-- Bruce, Boise, ID

View PurpLev's profile

PurpLev

8476 posts in 2252 days


#9 posted 546 days ago

I would do my best not to scrap those. the old tools are sometimes better quality than many newer equivalent tools made today (today companies are trying to cheap out on materials and costs and it shows in many cases).

I would start by photographing all machines and groups of smaller hand tools and tool boxes (machinist toolboxes can generate some good numbers too). auction houses that will take the lot for you are a good alternative if you don’t have the time/effort to see to the sales of all the individual items yourself. craigslist.org is a good place to post old tools at reasonable prices which might suit your situation fairly well and can keep the sales local (as opposed to online auction websites which might add packaging and shipping efforts).

-- ㊍ When in doubt - There is no doubt - Go the safer route.

View daisyblue's profile

daisyblue

24 posts in 547 days


#10 posted 546 days ago

Thanks for the responses!
Randy…HAHA on taking the pressure off, but I think this stuff may need lots of TLC to get them back to their glory days.
Stan and Joe…I’ve been given an auctioneers number, just haven’t called yet. Wanted to see if I could do something myself first.
David and Jack….Here is a couple of grouped pictures I have. I’m not able to get to this stuff easily by myself, so I need to wait for when I have help to do other pics later. I’m not sure how these will show up since I had to reduce the resolution/pixels to make the file below 5MB to upload.

Thinking I might consider learning how to clean these things up, at least cosmetically, the right way.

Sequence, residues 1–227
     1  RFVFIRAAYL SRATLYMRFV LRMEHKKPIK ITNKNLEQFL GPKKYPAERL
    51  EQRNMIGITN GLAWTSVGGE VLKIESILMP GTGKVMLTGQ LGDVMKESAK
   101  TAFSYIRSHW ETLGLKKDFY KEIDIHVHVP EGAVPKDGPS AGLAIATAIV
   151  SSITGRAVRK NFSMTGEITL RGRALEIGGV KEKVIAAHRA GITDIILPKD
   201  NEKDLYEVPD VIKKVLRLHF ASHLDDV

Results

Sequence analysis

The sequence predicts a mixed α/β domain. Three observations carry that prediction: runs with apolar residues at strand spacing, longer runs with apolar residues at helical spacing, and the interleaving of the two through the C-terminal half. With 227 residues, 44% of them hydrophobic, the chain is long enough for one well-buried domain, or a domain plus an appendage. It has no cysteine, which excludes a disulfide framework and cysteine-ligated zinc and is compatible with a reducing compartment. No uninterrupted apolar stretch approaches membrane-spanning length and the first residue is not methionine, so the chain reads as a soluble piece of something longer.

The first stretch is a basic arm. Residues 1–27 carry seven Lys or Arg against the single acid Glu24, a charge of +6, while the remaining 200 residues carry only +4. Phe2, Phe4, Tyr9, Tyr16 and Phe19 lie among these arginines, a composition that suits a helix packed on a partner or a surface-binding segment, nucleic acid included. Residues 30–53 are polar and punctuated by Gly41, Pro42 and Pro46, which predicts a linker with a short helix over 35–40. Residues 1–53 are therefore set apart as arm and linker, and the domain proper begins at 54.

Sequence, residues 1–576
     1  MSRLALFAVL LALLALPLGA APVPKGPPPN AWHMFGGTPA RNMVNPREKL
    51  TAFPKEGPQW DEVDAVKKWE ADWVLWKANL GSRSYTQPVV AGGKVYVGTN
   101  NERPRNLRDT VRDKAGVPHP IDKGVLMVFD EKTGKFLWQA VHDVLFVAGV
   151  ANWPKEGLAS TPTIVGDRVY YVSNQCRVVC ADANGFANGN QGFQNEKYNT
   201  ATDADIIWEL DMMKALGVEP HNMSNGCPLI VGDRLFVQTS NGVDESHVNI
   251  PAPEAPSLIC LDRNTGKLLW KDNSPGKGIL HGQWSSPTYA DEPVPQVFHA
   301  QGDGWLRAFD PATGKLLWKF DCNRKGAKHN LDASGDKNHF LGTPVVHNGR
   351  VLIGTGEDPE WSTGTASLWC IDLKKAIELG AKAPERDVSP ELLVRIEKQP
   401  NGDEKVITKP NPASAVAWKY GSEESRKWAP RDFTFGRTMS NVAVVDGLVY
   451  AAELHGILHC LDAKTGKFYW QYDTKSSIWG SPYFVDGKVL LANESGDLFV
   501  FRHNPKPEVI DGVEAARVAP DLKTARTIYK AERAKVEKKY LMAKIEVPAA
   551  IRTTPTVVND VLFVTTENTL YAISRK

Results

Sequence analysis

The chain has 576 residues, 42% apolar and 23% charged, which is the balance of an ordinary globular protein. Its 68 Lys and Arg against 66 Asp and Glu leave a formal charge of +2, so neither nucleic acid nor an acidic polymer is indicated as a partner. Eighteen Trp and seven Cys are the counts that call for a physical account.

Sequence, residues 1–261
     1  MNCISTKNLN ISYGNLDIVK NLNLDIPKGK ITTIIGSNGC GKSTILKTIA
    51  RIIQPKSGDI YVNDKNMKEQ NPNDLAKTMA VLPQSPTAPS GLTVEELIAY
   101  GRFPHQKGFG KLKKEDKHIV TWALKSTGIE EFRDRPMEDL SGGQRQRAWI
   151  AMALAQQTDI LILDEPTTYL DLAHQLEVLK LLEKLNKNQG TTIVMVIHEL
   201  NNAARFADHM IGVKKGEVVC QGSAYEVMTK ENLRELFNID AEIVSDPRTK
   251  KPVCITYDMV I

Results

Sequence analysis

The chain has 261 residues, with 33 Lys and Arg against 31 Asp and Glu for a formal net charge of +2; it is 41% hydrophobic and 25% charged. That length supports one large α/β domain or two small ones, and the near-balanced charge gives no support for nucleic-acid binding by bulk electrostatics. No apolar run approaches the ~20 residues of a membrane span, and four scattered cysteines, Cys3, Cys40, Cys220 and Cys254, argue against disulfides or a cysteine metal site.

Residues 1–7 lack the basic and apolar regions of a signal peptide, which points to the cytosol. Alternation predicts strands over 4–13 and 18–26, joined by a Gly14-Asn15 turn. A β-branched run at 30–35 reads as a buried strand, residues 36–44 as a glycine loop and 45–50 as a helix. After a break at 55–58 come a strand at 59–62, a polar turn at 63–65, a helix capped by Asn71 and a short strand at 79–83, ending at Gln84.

-- Patience..... it's always there waiting for you.

View ToddJB's profile (online now)

ToddJB

1734 posts in 734 days


#11 posted 546 days ago

If you were in my area I’d love to have that Radial Arm Saw and Disc/Belt Sander. This stuff is gold for those wanting to restore older tools. In Denver on Craigslist I’d sell for these prices:

Bandsaw $175
Disc/Belt Sander $150
Big Scroll Saw $75-100
Jointer $90-110
RAS $150

If those papers are original manual’s/warranties/receipts you can get substantially more for the machines… I might even suggest ebay or owwm.org for that stuff.

-- I came - I sawed - I over-built

View ToddJB's profile (online now)

ToddJB

1734 posts in 734 days


#12 posted 546 days ago

Actually I might be interested in some of those papers… in the back there is that the manual for a shop master scroll saw?

-- I came - I sawed - I over-built

View daisyblue's profile

daisyblue

24 posts in 547 days


#13 posted 546 days ago

Todd… No it’s not a manual, it’s the envelope thing that I’m guessing that may have come in…haven’t run across anything specific to that in paperwork I have found so far. If and when I do, I will let you know.

-- Patience..... it's always there waiting for you.

View Jeff in Huntersville's profile

Jeff in Huntersville

398 posts in 1798 days


#14 posted 546 days ago

As many have said it depends on how much time and effort you want to put into it. Easiest thing to do is call Habitat or Goodwill to come and pick it up. At least you’d get the tax break.

View ToddJB's profile (online now)

ToddJB

1734 posts in 734 days


#15 posted 546 days ago

The easiest is to have the junker pick the stuff up for scrap and take his money. The most financially beneficial is parting out on ebay.

What I would do is I’d put the full machines up on craigslist, and just be clear in your posting (cash, no spam, no flakes, you load yourself), or send if off to an auction, but the auction will take a cut. Then sell all identifiable small parts and pieces on ebay and get a bunch of flat rate boxes and charge the exact shipping that the flat rate boxes costs.

This method would result in, I think, over a $1000 worth depending on what is all there.. it’s still a little hard to tell from your pictures. Which to me is worth it.

-- I came - I sawed - I over-built